In fact, the company’s statements declaring the importance of safety are in direct contrast to its record of egregious safety violations and the reports that Massey’s chairman and chief executive, Don Blankenship, allegedly told workers to ignore the orders of those who instructed them to construct support beams and ventilation shafts for safety purposes and just “run coal.” It is companies like this that give capitalism a bad name.

The Lesson To Learn

What can healthcare companies learn from this tragic incident?  It’s simple. Always remember that actions speak louder than words.

No matter how many times your top executives express concerns for patient safety or piously proclaim that their mission is finding better treatments or cures for disease, if the company is rushing a drug to market before its full side effects are known, it’s a lie. If they are pushing a device through trials and suppressing negative evidence that would keep it from FDA clearance, it’s a lie. If your hospital touts patient safety, but every staff member isn’t following strict protocols to combat healthcare acquired infections, it’s a lie.

Words vs. Action

Communicators use words.  Lots of words.  We draft mission statements, company vision statements, key messages and yes, even positioning statements.  But no amount of words can take the place of action.

Action is key to reputation.  Doing the right thing at the right time for the right reason—even at the expense of short-term profits—builds positive reputations.  And reputations are valuable.  A good reputation adds to the bottom line and helps companies weather the storms of crisis.  Just ask Massey Energy, whose stock has dropped nearly 12 percent and whose credit rating was downgraded below junk.  If that’s not enough to convince you, then just ask the families of those miners in West Virginia.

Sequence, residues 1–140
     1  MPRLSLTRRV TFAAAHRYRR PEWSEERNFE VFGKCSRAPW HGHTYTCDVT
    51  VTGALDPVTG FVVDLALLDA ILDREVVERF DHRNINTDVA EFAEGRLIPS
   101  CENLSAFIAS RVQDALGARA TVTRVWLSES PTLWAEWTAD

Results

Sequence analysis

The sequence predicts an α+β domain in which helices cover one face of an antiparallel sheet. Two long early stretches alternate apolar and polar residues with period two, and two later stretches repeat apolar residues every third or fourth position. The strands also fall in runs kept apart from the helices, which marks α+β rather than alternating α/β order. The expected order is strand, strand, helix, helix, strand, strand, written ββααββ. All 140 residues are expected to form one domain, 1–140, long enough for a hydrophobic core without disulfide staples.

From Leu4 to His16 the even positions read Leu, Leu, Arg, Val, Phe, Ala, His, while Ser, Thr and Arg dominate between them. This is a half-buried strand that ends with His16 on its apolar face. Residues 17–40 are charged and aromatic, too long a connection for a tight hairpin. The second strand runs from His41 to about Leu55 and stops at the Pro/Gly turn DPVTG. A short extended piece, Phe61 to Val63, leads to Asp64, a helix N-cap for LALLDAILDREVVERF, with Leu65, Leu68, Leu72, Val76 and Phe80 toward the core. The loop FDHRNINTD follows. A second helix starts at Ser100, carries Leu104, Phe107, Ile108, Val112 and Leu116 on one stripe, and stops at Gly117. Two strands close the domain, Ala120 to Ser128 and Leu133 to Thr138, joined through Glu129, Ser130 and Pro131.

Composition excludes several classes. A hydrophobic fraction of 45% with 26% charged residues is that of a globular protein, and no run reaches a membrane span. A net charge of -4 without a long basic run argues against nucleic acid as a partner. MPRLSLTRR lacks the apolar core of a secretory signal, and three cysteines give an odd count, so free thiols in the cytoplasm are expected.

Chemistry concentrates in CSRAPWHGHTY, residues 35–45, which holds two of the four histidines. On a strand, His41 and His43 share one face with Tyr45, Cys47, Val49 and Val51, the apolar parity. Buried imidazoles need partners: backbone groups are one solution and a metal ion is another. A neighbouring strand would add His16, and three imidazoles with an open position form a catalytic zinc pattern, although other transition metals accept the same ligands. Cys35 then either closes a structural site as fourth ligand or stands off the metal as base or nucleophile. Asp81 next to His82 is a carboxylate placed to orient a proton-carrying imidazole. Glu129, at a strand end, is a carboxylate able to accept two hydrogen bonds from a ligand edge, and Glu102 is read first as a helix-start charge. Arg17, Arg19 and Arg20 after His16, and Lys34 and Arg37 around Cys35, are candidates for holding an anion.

Crisis and Renewal April 5, 2010

You’d have to be living under a rock if you haven’t heard about the marital woes of celebs like Tiger Woods and Jesse James. Much of the debate in recent weeks has centered on the men and rehab for their promiscuous ways.

No matter what your personal opinion on sexual addiction (Is it real or just a convenient excuse for bad behavior?), both men are following the time-tested formula of crisis communications.

Admit your mistake, ask for forgiveness and take action to correct the problem.

According to the theory, following this formula results in new-found grace.  Kinda like going to confession and saying your 10 Hail Mary’s as penance.

But does this really work for companies?  It depends.  And it takes time.  Your audience may not be as forgiving as the masses who idolize celebrities in our pop-culture driven society.

Digging Deeper

That’s not to say that the formula won’t work.  Just that renewal is a process. Rebuilding trust takes time.  Companies need to not only admit that there was a problem, but take the time to peel back the layers of the onion to discover the root cause of the problem.  How did the problem start? Why was the problem ignored?  If the problem was reported, and nothing was done, why was this the case?

Beyond “I’m sorry”

Once the source of the problem is identified, corrective action needs to be put in place to ensure the problem does not happen again.  Communicating this to your employees, customers and influencers may be uncomfortable.  Your legal counsel may want to stifle any communication to minimize risk in potential litigation.  But rebuilding a tarnished reputation is much more difficult than building one from scratch. Companies need to be willing to be open and honest in their communication if they want to regain their audience’s trust.

 

 
%d bloggers like this: